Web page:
UI Douglas DC-6B N37559,
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ASN Wikibase Occurrence # 334804

Date:Tuesday 1 November 1955
Type:Silhouette image of generic DC6 model; specific model in this crash may look slightly different    
Douglas DC-6B
Owner/operator:United Airlines
Registration: N37559
MSN: 43538/224
Year of manufacture:1952
Total airframe hrs:11949 hours
Engine model:Pratt & Whitney R-2800-CB16
Fatalities:Fatalities: 44 / Occupants: 44
Aircraft damage: Destroyed, written off
Location:Longmont, CO -   United States of America
Phase: En route
Nature:Passenger - Scheduled
Departure airport:Denver-Stapleton International Airport, CO (DEN/KDEN)
Destination airport:Portland International Airport, OR (PDX/KPDX)
Investigating agency: CAB
Confidence Rating: Accident investigation report completed and information captured
United Air Lines Flight 629 was a scheduled daily flight between New York-LaGuardia Field, New York, and Seattle, Washington. There were scheduled stops at Chicago, Illinois; Denver, Colorado; and Portland, Oregon, with crew changes at Chicago and Denver.
On November 1, 1955, this flight was routine to Denver where the flight landed at 18:11, 11 minutes late because of several brief ground delays. At Denver the aircraft was refueled to 3,400 gallons of fuel and was checked for the continued flight.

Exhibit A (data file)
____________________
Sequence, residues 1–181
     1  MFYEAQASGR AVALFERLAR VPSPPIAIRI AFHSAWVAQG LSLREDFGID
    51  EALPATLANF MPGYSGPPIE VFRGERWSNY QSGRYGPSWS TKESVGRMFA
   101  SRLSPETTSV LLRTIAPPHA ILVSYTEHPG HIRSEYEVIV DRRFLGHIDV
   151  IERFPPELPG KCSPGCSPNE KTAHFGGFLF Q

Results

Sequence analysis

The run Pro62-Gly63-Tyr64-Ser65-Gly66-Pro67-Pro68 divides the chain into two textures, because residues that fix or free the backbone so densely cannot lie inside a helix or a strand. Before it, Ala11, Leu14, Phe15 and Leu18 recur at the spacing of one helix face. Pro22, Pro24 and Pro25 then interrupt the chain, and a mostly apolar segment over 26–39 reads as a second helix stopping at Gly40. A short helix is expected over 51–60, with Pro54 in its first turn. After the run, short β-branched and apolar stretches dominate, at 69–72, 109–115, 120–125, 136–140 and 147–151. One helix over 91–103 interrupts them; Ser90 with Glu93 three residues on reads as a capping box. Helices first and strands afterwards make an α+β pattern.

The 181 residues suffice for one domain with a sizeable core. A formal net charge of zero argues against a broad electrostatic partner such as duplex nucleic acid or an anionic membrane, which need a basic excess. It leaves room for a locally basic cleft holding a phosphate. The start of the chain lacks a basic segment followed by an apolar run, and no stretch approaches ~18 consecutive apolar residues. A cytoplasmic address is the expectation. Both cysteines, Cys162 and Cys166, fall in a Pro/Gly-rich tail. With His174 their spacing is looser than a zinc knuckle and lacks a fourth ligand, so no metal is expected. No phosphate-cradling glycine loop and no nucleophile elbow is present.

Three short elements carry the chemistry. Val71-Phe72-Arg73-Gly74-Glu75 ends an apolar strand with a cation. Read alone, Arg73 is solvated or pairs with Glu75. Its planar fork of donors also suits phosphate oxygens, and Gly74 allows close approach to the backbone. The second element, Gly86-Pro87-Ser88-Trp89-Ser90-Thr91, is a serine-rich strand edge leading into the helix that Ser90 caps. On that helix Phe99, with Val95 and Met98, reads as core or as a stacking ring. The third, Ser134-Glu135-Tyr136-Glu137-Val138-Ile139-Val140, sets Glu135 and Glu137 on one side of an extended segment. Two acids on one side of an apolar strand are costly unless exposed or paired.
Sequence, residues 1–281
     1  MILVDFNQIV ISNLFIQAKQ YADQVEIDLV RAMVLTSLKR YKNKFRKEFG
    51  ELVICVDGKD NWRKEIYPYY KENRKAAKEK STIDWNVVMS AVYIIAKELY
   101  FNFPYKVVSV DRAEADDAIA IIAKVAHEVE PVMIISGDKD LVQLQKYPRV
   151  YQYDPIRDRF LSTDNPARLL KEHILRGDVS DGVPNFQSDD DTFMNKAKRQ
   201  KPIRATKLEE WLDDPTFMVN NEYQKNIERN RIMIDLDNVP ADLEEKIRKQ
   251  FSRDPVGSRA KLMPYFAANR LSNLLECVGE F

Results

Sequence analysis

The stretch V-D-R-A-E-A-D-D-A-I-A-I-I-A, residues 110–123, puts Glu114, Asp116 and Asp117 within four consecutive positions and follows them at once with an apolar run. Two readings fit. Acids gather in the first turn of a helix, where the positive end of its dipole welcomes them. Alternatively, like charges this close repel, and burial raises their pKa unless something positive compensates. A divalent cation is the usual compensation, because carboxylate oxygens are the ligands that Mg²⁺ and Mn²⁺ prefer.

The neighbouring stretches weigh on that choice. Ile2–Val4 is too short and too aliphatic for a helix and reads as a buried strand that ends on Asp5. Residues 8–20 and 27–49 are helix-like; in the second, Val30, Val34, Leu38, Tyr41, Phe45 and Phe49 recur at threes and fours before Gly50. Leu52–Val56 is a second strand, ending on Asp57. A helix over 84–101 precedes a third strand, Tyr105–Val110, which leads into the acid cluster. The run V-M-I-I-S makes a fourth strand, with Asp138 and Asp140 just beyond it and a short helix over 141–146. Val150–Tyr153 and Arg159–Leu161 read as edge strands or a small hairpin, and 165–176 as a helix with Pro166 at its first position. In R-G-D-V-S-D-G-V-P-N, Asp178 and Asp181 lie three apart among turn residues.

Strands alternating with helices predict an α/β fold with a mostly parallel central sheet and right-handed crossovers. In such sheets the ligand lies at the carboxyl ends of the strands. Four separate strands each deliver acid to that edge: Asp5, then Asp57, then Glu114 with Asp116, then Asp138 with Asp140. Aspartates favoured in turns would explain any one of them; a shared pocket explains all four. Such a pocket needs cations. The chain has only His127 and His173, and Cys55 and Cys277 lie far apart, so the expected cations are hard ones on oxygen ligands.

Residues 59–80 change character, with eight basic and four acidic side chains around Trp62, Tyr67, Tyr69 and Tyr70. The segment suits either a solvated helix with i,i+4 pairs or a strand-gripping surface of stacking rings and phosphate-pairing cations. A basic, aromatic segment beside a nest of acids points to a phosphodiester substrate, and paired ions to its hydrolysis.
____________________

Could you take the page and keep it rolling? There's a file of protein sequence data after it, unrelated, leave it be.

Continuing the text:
When the flight arrived at Denver, the rear cargo hold (No. 4), was emptied and thereafter loaded with mail, freight, and passenger luggage, all of which originated at Denver.
Flight 629 taxied to runway 8R and at 18:44 the flight was in runup position where it was given ATC clearance for the flight to Portland. Following takeoff the flight reported its "off time" to the company as 18:52 and thereafter reported passing the Denver VOR at 18:56. This communication was the last from the flight.
About 19:03 the Denver tower controllers saw two white lights, one brighter than the other, appear in the sky north-northwest of the airport and fall to the ground. It was soon determined that flight 629 had crashed.
Investigators determined that the tail section of the aircraft separated in mid-air following a violent explosion in the rear. The remaining aircraft then broke up.

On November 14, 1955, agents of the Federal Bureau of Investigation (FBI) took into custody John G. Graham, the son of one of the passengers. Thereafter, he was indicted for acts leading to the destruction of the aircraft by means of a bomb explosion.
Graham, who held a grudge against his mother as the result of an unhappy childhood, was the beneficiary of both her life insurance policies and her will. He wrapped dynamite sticks as a Christmas present.

PROBABLE CAUSE: "The disintegrating force of a dynamite bomb explosion which occurred in the no. 4 baggage compartment."

Accident investigation:
Investigating agency: CAB
Report number: final report
Status: Investigation completed
Download report: Final report


ICAO Accident Digest Circular 50-AN/45 (201-203)



photo (c) FBI; near Longmont, CO; 1955

photo (c) FBI; near Longmont, CO; November 1955

Revision history:


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